USDA-Natural Resources Conservation Service (NRCS) accepts Environmental Quality Incentives Program (EQIP) applications year-round through a continuous sign-up process.
Currently, Local Work Group meetings are being held in all counties to set local funding priorities for EQIP. Farmers and ranchers eligible for the financial assistance program will have the opportunity to incorporate conservation practices that address resource concerns on their land.
“In 2009, NRCS partnered with farmers and ranchers to achieve an exceptional year for Conservation in Texas,” said Jon Weddle, program manager for NRCS in Lubbock. “NRCS provided over 64 million dollars for conservation through EQIP.”
The EQIP program, authorized in The Food, Conservation, and Energy Act of 2008 (2008 Farm Bill) provides voluntary conservation programs for private landowners that promotes agricultural production and environmental quality as compatible goals, optimize environmental benefits, and helps to meet Federal, State, Tribal, and local environmental regulations.
Landowners who face serious threats to soil, water and related natural resources will have the opportunity to participate in the EQIP program to receive educational, financial and technical assistance to install or implement structural, vegetative and management practices to address natural resource concerns.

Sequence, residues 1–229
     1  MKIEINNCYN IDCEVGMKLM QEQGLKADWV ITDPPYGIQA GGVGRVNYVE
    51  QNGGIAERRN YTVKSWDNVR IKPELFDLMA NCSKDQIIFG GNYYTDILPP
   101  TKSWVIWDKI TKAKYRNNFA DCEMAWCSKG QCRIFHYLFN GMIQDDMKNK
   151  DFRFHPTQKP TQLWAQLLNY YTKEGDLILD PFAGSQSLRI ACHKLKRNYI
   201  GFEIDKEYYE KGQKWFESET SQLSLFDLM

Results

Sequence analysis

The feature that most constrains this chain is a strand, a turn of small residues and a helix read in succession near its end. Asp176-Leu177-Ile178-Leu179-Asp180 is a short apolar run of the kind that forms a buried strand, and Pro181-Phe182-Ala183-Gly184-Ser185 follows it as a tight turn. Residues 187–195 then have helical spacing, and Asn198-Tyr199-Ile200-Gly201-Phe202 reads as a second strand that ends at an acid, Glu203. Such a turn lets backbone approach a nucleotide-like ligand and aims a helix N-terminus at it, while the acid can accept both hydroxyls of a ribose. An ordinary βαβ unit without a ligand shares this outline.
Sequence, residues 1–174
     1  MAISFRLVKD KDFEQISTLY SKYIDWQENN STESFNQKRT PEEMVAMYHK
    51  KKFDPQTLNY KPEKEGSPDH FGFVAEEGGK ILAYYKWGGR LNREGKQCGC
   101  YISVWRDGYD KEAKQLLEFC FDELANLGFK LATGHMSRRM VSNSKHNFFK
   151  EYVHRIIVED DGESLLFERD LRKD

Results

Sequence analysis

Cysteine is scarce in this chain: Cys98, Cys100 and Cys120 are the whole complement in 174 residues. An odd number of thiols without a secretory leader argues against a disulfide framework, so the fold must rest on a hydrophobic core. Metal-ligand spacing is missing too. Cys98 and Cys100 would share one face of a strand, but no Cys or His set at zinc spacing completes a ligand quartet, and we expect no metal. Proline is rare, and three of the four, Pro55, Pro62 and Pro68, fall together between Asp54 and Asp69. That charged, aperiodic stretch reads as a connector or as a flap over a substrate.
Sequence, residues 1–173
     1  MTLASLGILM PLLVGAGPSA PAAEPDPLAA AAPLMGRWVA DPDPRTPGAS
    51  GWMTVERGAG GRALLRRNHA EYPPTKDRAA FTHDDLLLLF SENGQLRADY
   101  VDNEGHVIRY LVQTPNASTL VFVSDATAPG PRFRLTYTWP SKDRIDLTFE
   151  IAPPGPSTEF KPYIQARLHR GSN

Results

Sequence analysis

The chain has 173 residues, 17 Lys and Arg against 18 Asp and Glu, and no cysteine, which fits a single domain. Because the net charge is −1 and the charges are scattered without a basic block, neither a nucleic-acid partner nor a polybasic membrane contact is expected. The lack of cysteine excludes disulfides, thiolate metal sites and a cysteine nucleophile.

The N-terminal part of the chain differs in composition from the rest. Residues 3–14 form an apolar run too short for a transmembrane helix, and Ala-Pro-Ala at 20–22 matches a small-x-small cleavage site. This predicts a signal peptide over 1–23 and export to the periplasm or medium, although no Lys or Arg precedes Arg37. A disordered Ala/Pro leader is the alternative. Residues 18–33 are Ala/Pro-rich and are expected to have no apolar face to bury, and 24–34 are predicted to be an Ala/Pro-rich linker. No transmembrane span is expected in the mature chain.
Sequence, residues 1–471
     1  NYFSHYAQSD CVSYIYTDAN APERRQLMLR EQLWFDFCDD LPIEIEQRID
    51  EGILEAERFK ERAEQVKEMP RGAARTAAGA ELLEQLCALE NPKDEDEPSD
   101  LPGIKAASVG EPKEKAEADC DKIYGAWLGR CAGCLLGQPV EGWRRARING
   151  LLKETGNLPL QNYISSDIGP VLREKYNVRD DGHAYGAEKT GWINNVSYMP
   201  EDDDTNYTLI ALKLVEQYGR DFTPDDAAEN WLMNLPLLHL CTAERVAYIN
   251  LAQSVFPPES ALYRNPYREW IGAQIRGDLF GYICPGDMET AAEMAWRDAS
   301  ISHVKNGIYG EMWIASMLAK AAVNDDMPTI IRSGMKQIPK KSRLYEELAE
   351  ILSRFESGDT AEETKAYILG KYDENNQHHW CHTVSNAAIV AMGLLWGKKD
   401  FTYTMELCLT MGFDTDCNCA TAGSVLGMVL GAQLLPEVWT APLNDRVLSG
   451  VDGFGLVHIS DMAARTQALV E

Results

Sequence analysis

Weddle encourages producers to contact their local NRCS office in their county to develop a conservation plan as a first step in the application process.
“Landowners interested in EQIP funding should inquire now to secure eligibility for technical and financial assistance,” Weddle said.
Under the new farm bill, producers will have options for incentive payments to address comprehensive resource concerns such as:
• Residue Management
• Nutrient Management
• Integrated Pest Management
• Prescribed Grazing for Expired CRP
The types of priority practices that will be eligible for funding on the High Plains and South Plains regions under NRCS EQIP:
• Water Quantity and Quality
• Invasive Species for Brush Management
• Wildlife Habitat
• Soil Erosion Control (wind and water)
For more information about the Texas NRCS EQIP program, call the USDA-NRCS office in your county, listed under USDA in the Yellow Pages, or access the information on the Texas NRCS website at www.tx.nrcs.usda.gov.